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What Is Earthstone Energy's (NYSE:ESTE) P/E Ratio After Its Share Price Rocketed?

Simply Wall St

It's great to see Earthstone Energy (NYSE:ESTE) shareholders have their patience rewarded with a 50% share price pop in the last month. But shareholders may not all be feeling jubilant, since the share price is still down 29% in the last year.

Assuming no other changes, a sharply higher share price makes a stock less attractive to potential buyers. In the long term, share prices tend to follow earnings per share, but in the short term prices bounce around in response to short term factors (which are not always obvious). So some would prefer to hold off buying when there is a lot of optimism towards a stock. One way to gauge market expectations of a stock is to look at its Price to Earnings Ratio (PE Ratio). Investors have optimistic expectations of companies with higher P/E ratios, compared to companies with lower P/E ratios.

See our latest analysis for Earthstone Energy

Does Earthstone Energy Have A Relatively High Or Low P/E For Its Industry?

Earthstone Energy's P/E of 4.12 indicates relatively low sentiment towards the stock. If you look at the image below, you can see Earthstone Energy has a lower P/E than the average (10.7) in the oil and gas industry classification.

NYSE:ESTE Price Estimation Relative to Market, November 11th 2019

This suggests that market participants think Earthstone Energy will underperform other companies in its industry. Since the market seems unimpressed with Earthstone Energy, it's quite possible it could surprise on the upside. If you consider the stock interesting, further research is recommended. For example, I often monitor director buying and selling.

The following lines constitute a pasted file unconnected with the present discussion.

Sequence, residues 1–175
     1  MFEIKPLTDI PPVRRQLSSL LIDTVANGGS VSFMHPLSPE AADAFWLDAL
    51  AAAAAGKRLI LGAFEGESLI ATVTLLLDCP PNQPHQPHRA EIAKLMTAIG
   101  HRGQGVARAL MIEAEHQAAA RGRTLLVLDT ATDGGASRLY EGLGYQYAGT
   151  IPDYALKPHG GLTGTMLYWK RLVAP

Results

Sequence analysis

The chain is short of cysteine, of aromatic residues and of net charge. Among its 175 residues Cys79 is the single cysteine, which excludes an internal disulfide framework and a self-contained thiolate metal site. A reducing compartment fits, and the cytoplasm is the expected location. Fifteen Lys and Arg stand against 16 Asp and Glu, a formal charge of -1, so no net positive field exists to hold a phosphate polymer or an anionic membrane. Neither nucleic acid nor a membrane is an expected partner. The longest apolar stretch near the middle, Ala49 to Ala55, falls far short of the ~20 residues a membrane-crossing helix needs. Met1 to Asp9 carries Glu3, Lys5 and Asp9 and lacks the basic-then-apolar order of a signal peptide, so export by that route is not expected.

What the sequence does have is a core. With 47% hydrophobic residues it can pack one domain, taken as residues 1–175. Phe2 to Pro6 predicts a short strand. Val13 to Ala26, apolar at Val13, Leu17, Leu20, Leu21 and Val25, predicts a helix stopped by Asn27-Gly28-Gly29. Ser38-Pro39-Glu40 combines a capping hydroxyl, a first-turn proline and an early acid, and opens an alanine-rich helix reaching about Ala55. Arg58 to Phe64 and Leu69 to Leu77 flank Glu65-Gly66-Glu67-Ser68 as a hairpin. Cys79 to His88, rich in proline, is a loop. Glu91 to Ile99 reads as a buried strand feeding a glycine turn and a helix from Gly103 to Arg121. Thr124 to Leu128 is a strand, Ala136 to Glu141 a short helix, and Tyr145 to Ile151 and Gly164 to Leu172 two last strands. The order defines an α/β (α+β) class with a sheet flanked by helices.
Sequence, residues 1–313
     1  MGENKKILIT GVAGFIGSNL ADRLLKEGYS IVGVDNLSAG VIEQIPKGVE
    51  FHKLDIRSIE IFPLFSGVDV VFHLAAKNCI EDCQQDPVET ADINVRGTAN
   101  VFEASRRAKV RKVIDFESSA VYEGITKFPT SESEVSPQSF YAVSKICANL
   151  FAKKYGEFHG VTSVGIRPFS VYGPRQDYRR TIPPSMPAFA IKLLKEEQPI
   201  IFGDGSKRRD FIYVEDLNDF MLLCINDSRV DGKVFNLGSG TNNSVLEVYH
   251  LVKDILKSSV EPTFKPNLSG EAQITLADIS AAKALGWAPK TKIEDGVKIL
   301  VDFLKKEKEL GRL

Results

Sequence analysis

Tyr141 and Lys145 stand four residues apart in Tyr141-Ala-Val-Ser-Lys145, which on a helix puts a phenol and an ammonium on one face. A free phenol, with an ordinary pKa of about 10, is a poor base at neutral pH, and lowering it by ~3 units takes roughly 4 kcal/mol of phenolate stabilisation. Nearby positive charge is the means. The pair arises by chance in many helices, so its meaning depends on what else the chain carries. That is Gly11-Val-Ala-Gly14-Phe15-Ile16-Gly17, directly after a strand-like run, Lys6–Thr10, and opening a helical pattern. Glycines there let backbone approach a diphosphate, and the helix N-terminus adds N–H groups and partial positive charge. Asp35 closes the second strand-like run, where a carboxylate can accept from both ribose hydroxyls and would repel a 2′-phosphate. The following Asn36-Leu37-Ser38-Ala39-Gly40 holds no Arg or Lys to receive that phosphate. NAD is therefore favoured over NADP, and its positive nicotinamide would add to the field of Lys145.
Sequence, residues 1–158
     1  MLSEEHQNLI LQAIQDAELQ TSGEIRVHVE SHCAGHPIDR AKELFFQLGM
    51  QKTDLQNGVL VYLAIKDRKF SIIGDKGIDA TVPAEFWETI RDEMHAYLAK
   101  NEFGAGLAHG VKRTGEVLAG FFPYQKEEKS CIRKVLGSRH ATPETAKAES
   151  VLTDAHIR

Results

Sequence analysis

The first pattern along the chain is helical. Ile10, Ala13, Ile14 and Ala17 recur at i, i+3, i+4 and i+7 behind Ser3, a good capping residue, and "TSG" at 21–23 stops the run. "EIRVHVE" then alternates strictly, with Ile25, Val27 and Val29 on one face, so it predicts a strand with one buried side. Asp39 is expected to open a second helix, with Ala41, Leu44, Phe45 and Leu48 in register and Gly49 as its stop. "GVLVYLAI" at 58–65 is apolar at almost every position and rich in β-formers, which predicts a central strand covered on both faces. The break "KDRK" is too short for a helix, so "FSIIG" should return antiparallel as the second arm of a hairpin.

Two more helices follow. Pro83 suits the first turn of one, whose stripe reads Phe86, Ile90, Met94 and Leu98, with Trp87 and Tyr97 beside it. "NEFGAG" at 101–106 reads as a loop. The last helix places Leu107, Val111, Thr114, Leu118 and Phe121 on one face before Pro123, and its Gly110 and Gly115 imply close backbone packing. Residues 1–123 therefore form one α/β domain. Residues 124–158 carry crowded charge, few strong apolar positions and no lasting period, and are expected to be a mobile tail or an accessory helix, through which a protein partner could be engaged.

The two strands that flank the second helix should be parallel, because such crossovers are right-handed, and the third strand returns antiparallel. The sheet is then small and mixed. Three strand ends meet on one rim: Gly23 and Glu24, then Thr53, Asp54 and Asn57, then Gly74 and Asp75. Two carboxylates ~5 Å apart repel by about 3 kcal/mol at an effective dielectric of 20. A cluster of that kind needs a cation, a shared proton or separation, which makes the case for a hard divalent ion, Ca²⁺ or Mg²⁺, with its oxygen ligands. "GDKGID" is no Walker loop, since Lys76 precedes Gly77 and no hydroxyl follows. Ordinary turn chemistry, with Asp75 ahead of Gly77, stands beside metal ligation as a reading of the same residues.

How Growth Rates Impact P/E Ratios

P/E ratios primarily reflect market expectations around earnings growth rates. Earnings growth means that in the future the 'E' will be higher. That means even if the current P/E is high, it will reduce over time if the share price stays flat. Then, a lower P/E should attract more buyers, pushing the share price up.

Earthstone Energy's earnings made like a rocket, taking off 344% last year.

Don't Forget: The P/E Does Not Account For Debt or Bank Deposits

The 'Price' in P/E reflects the market capitalization of the company. So it won't reflect the advantage of cash, or disadvantage of debt. Theoretically, a business can improve its earnings (and produce a lower P/E in the future) by investing in growth. That means taking on debt (or spending its cash).

Such spending might be good or bad, overall, but the key point here is that you need to look at debt to understand the P/E ratio in context.

Is Debt Impacting Earthstone Energy's P/E?

Earthstone Energy's net debt equates to 32% of its market capitalization. While it's worth keeping this in mind, it isn't a worry.

The Verdict On Earthstone Energy's P/E Ratio

Earthstone Energy's P/E is 4.1 which is below average (18.2) in the US market. The company hasn't stretched its balance sheet, and earnings growth was good last year. The low P/E ratio suggests current market expectations are muted, implying these levels of growth will not continue. What is very clear is that the market has become less pessimistic about Earthstone Energy over the last month, with the P/E ratio rising from 2.8 back then to 4.1 today. For those who like to invest in turnarounds, that might mean it's time to put the stock on a watchlist, or research it. But others might consider the opportunity to have passed.

Investors should be looking to buy stocks that the market is wrong about. If it is underestimating a company, investors can make money by buying and holding the shares until the market corrects itself. So this free visual report on analyst forecasts could hold the key to an excellent investment decision.

Of course, you might find a fantastic investment by looking at a few good candidates. So take a peek at this free list of companies with modest (or no) debt, trading on a P/E below 20.

We aim to bring you long-term focused research analysis driven by fundamental data. Note that our analysis may not factor in the latest price-sensitive company announcements or qualitative material.

If you spot an error that warrants correction, please contact the editor at editorial-team@simplywallst.com. This article by Simply Wall St is general in nature. It does not constitute a recommendation to buy or sell any stock, and does not take account of your objectives, or your financial situation. Simply Wall St has no position in the stocks mentioned. Thank you for reading.